I’ve been doing various research recently that involves propagation of energy. In one case I’m using it to make cool interactive animations of water waves. In another case I’m simulating the propagation of forces through solids, to find out, for example, how strong a building is, or where an overloaded bridge would be mostly likely to collapse.

These may seem like very different problems, but it turns out that the math (at least the simplest version of the math) is pretty much the same in these and lots of other cases. Essentially, the value in each location is decreased, while some of the values in the locations next to it are added to it. This is done everywhere at once. Repeat.

That probably seems too simple, but it works amazingly well, and it’s a reasonable approximation of how various kinds of forces propagate in nature.

And it has occurred to me that this is also a nice description of what happens between people. As we interact with each other, and get to know one other better, we each gradually become a slightly less pure version of ourselves, and instead begin to incorporate little bits and pieces of the people to whom we are closest.

Just as with water waves and the weight of buildings, this exchange of forces can seem imperceptible in any one given moment. But over the course of time the ripples that travel from person to person can span the globe, and the force of our collective being can grow beyond all imagining.

Something essential

This morning I had a very difficult time dodging an oblivious commuter who was staring into a SmartPhone. This occurred on the steps of a subway platform, at the height of rush hour, with a crowd of people streaming past each other.

Objectively one would think that somebody wouldn’t attempt to text while walking up a flight of steps in such circumstances. But I realize that this person was really absent — somewhere else in all but the physical sense.

This problem, which most of us run into pretty much every day, is at least partially the result of a technology still in transition. As SmartPhones get better/faster/cooler, they can draw your attention ever further away from the actual world — the world that contains your body.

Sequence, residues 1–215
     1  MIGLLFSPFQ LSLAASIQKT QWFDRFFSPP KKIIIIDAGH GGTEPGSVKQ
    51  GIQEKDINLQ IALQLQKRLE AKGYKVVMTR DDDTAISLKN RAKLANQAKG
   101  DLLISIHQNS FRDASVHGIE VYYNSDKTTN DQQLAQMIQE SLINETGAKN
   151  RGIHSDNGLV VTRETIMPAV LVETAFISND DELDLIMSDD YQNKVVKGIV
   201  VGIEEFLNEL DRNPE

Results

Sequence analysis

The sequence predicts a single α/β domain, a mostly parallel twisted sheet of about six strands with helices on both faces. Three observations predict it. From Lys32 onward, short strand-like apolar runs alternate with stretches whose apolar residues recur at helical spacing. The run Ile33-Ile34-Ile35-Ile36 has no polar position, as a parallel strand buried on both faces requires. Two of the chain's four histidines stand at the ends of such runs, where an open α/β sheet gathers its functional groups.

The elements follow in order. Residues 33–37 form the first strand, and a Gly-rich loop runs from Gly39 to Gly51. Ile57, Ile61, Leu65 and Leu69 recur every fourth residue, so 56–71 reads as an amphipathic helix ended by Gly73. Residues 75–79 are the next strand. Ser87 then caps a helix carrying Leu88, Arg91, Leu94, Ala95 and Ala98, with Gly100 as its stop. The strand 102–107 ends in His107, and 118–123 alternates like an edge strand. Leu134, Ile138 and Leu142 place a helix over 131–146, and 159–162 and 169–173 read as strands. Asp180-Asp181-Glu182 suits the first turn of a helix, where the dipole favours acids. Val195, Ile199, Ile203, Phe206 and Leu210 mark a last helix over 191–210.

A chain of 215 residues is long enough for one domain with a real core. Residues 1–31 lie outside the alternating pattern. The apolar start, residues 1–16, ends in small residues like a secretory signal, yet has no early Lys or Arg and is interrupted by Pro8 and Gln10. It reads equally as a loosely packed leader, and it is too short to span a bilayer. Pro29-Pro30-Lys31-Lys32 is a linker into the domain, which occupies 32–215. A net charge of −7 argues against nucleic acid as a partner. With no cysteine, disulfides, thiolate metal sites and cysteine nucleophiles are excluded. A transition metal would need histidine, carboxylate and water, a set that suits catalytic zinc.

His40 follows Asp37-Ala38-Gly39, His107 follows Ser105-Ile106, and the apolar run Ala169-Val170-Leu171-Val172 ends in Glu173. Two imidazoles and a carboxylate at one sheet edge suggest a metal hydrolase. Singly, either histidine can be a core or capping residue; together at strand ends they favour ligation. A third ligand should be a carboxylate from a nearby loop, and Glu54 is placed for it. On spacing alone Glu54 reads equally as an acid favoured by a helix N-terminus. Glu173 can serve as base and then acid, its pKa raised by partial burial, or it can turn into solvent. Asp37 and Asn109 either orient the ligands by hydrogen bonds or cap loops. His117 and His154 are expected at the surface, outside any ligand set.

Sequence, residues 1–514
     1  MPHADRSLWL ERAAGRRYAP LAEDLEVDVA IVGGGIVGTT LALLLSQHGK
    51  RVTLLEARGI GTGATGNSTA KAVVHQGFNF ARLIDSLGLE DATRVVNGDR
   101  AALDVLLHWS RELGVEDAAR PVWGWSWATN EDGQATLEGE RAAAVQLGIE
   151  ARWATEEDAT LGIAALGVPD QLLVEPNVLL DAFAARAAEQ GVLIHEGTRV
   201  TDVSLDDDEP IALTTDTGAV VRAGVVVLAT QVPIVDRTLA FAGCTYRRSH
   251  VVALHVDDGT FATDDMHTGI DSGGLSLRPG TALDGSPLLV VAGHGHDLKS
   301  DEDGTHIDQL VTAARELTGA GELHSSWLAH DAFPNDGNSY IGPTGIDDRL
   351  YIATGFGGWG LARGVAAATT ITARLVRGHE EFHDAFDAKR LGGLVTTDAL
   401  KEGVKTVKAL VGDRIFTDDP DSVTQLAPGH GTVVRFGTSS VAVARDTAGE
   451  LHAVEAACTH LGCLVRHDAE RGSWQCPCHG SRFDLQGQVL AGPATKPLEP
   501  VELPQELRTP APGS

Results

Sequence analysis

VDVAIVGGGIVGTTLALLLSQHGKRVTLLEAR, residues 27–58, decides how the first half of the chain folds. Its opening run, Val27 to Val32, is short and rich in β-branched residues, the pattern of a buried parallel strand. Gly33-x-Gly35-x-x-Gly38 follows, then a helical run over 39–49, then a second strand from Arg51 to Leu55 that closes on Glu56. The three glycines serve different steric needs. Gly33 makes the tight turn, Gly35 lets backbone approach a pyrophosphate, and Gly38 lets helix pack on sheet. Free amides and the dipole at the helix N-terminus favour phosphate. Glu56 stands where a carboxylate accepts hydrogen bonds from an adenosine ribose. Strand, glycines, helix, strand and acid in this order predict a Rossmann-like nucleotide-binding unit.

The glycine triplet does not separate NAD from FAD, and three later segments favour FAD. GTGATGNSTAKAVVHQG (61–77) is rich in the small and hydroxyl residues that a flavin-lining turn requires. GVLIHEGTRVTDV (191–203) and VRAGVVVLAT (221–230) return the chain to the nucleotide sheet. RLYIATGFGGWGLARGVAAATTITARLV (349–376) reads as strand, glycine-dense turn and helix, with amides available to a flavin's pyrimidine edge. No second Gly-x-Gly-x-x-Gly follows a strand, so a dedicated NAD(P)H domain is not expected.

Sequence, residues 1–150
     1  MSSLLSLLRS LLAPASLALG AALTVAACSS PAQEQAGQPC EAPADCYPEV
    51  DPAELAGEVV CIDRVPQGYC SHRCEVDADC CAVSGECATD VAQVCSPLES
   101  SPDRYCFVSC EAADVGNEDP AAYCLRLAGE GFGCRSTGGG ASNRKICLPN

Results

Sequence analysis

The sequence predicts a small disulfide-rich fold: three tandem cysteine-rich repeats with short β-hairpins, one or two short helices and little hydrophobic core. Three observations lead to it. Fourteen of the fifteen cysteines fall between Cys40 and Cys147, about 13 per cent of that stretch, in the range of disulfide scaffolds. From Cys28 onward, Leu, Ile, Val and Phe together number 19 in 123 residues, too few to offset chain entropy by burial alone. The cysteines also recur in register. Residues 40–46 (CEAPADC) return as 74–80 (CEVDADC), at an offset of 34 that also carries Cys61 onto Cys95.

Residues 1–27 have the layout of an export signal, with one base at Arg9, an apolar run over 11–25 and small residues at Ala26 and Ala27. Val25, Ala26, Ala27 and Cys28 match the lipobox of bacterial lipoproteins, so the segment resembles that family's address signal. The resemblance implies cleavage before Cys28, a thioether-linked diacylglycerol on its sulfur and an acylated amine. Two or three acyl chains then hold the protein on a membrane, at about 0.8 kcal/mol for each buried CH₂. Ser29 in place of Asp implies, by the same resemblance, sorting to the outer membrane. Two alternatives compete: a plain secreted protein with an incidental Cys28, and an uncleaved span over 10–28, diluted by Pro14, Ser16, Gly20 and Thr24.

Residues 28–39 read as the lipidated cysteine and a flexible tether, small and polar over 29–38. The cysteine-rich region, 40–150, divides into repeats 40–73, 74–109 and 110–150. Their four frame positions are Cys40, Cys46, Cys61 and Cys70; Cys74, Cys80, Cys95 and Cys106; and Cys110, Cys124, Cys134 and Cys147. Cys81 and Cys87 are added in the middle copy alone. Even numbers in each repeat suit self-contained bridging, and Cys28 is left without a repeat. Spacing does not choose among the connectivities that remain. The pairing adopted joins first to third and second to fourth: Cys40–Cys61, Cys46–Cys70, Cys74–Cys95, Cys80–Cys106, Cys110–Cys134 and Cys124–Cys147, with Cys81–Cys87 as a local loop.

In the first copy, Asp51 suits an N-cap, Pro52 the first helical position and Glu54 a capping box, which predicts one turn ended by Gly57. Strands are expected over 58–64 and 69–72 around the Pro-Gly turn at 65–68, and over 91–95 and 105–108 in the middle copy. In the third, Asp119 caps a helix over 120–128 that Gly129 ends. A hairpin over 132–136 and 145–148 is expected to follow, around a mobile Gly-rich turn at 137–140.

The technologist in me says “Hey, we can fix that!” If we can just invent a better technology, then everything will be ok.

But there’s another part of me that says “Hey, wait a minute — isn’t technology part of the problem?” Maybe the solution to every problem isn’t a continual advancement of technology. Maybe there are ways of thinking of this that actually have nothing to do with inventing something cool.

For all of our collective problem-solving inventiveness, maybe our view of how to “make things better” with technology is missing something essential.

Sweeter Charity

I’ve been going through old YouTube videos of classic performances, as I do from time to time, comparing different performers in the same role.

Recently I’ve been watching old videos of one of the greatest of them all — Gwen Verdon — who lit up the musical theater stage for much of the twentieth century. Alas, she never quite had the same impact in Hollywood (with the notable exception of her performance as Lola in “Damn Yankees”), and some of her greatest song and dance performances have gone unrecorded.

Gwen (as some of you know) was married to the great choreographer Bob Fosse, and some of his best work was made specifically for her brilliant performance style. One of the great dance scenes in all of filmdom was their outrageous comic duet in Who’s Got the Pain from “Damn Yankees”.

Although Fosse built the entire show of “Sweet Charity” as a showcase Gwen’s astonishing talent, but when the show went from Broadway to Hollywood, she didn’t go with it, even with Fosse directing. The film simply wouldn’t have been green-lighted without a major movie star, and in this case that star was Shirley MacLaine.

If you compare their performances, Verdon is the vastly better dancer, but MacLaine is far more effective as an adorable waif. That was, after all, her specialty.

It’s a shame that millions of people never got to see Gwen Verdon in such a great role that was written specifically for her. One day perhaps, as new technologies evolve, a version of “Sweet Charity” might appear that merges the best qualities of these two actresses into a single performance — the incomparable dancing of Verdon and the unique vulnerability of MacLaine. Would such a thing be a gift to humankind, or an abomination? And would they need to call it “Sweeter Charity”?

Meanwhile I will leave you with this inspiring little clip, which shows the sort of dancing that Gwen Verdon was capable of at the age of fifty.